David Pulver is among the most prolific role-playing game designers around, and when his name appeared side by side with Steve Jackson and Sean Punch on the covers of the Fourth Edition GURPS core books, his status as one of the leading developers in the field was secured. He also witnessed first hand the trends I have been commenting on during the past couple of years, so I was doubly pleased when he dropped by Castalia House to clarify a few points that I’ve found particularly difficult to convey to people:
Another bit on the Burroughs popularity:
In the late 70s Heritage miniatures released an entire line of Burroughs 25mm lead Mars figures.
They were widely distributed enough that even my small town hobby shop (not a game store!) stocked them circa 1978. I bought a bunch for D&D.
My impression was that the supported availability of coherent game worlds, often with their own fiction lines, killed the canon. This was not really the intent of Gygax et al originally – worlds like Greyhawk or Blackmoor, or GDW’s Imperium or even Glorantha, were mostly very lightly sketched out.
But pressure from fans to learn more about these worlds, from companies to publish content, and from game designers to find work led to huge explosions in the detail available for “in house” settings. The same thing happened to Star Trek and Star Wars, of course.
So in the 1970s and 80s to “get” RPGs you really needed to read a decent chunk of the canon. Gamers stole ideas mainly from popular SF and fantasy.
By the 80s and 90s in the Dragonlance, Forgotten Realms, BattleTech, Warhammer, etc. era, there is so much content available for the licensed in-house universes that it was quite possible and indeed necessary for fans of their universes – like the Star Wars and Star Trek fans before them were driven, almost by necessity, to focus only on the new game-specific content. With scores of Forgotten Realms novels and supplements around to master, who had time or energy to read Burroughs or Vance or Conan?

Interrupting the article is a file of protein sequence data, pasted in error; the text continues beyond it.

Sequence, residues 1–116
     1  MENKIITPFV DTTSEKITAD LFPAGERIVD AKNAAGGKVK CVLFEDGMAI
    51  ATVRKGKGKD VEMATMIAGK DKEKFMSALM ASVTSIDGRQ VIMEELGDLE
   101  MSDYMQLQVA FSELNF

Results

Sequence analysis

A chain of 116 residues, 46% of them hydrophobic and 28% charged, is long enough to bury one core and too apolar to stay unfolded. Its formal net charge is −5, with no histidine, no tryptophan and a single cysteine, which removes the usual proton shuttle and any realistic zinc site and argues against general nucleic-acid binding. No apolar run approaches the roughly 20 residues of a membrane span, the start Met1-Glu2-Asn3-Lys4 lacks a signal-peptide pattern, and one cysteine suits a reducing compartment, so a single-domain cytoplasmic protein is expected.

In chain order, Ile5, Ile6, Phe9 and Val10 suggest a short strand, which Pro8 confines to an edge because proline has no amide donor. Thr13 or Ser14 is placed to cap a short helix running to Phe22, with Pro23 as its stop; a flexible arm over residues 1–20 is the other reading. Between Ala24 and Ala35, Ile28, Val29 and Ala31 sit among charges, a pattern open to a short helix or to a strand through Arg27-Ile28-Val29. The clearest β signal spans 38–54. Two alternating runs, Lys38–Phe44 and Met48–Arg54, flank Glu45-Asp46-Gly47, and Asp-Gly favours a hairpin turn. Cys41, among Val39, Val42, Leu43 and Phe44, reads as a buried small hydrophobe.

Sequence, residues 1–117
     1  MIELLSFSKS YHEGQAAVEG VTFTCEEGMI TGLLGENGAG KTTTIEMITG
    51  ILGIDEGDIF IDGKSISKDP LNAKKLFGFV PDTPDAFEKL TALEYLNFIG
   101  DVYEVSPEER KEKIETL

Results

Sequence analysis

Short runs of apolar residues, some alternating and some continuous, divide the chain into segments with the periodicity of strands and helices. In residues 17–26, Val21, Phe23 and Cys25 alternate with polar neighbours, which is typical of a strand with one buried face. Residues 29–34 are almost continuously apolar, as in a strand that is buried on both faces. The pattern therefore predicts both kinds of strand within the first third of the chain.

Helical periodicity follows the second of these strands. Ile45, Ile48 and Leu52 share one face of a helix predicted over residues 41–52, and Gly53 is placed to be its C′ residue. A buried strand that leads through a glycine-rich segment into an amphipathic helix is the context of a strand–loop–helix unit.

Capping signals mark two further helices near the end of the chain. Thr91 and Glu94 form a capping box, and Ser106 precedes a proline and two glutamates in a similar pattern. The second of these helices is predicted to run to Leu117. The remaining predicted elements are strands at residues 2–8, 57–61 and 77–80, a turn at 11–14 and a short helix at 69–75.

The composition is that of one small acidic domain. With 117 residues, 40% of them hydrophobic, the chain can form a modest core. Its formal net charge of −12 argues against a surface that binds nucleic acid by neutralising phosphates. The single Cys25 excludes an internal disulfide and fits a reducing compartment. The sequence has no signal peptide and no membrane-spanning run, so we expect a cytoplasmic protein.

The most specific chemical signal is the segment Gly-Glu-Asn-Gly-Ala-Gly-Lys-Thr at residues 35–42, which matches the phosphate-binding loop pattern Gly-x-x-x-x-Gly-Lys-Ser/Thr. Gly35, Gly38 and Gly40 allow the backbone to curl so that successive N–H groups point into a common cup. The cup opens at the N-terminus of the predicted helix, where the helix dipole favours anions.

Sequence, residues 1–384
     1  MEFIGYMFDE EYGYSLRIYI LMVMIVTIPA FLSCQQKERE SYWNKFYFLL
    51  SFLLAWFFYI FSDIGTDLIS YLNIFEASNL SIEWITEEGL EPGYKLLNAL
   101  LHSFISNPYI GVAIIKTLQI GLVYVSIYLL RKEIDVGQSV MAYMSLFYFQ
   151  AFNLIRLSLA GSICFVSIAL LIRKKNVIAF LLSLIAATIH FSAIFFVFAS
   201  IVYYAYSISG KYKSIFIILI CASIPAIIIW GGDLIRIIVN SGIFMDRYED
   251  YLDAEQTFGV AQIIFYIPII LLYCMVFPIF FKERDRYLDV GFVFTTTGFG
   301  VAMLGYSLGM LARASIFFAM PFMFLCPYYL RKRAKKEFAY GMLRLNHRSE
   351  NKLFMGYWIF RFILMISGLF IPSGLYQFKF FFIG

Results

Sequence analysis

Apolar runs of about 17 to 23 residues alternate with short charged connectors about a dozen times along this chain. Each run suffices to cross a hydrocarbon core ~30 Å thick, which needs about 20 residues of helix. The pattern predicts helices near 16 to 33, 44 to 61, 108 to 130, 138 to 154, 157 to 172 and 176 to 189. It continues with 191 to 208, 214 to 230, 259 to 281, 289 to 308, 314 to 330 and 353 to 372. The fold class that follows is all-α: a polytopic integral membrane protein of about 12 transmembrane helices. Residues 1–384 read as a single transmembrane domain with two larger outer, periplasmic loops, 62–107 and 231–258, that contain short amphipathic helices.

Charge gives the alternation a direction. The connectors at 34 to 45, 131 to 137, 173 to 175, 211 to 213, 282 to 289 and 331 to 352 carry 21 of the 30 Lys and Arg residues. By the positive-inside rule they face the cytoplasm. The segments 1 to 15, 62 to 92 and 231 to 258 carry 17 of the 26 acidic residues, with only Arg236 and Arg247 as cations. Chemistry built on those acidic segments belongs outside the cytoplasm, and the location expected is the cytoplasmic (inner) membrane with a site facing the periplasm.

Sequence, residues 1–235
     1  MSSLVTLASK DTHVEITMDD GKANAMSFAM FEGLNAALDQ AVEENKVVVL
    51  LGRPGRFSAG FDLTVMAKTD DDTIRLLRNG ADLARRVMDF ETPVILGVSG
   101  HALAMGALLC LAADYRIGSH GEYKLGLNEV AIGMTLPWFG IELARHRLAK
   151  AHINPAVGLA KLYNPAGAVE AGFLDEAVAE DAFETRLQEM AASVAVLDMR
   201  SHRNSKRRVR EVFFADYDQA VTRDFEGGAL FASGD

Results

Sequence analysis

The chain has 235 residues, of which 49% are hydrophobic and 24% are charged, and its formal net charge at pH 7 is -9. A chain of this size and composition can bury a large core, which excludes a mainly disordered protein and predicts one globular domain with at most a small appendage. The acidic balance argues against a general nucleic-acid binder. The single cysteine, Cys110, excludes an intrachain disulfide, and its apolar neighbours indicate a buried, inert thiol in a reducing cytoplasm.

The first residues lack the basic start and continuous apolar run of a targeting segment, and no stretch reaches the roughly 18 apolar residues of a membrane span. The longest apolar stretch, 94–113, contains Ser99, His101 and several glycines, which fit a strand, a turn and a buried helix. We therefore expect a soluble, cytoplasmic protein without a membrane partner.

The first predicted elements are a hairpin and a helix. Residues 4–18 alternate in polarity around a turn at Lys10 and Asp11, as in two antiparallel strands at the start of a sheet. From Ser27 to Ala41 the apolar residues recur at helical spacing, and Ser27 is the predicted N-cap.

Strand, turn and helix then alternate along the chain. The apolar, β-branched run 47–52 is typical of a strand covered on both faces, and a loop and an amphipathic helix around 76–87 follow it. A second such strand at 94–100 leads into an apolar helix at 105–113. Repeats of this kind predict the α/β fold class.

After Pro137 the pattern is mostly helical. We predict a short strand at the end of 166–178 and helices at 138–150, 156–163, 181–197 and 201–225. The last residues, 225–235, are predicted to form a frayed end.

Now, if I mention in mixed gamer company that, really, Edgar Rice Burroughs was the J. R. R. Tolkien of the seventies, I am liable to get some serious “cold pricklies” in response. It’s a claim that simply doesn’t compute for a lot of people. And if I were to go onto my personal blog and announce that fantasy settings were handled differently in rpgs of the seventies, and that to really “get” the old games you’re going to have to read a pile of old paperbacks, well… there’d be a meltdown.
Why is this stuff so controversial? Hey, I don’t know. But David Pulver happened to have addressed one other claim that has come up since he dropped by here: that back in the “real” old-school days, no one cared about the Appendix N books and most people didn’t even read them:
Among my peers in the high school and university gaming club c. 1979-1980 the Appendix N authors that were read were:
– Jack Vance
– HP Lovecraft
– Robert Howard
– Michael Moorcock
– Poul Anderson
– Roger Zelazny
– De Camp and Pratt
– Fred Saberhagen
Some of us had read others of these authors (even Lanier, Bellairs, etc.), but the above were “everyone read them” with the exception of REH, as some of the more SF-fannish tended to avoid due to the “big dumb barbarian” and Conan comic stereotype. But they all knew him.
If you don’t recognize many of the names on that list there, it may well be because their place in our collective consciousness was annihilated by a deluge of setting material produced for the very games those authors inspired in the first place. How’s that for irony?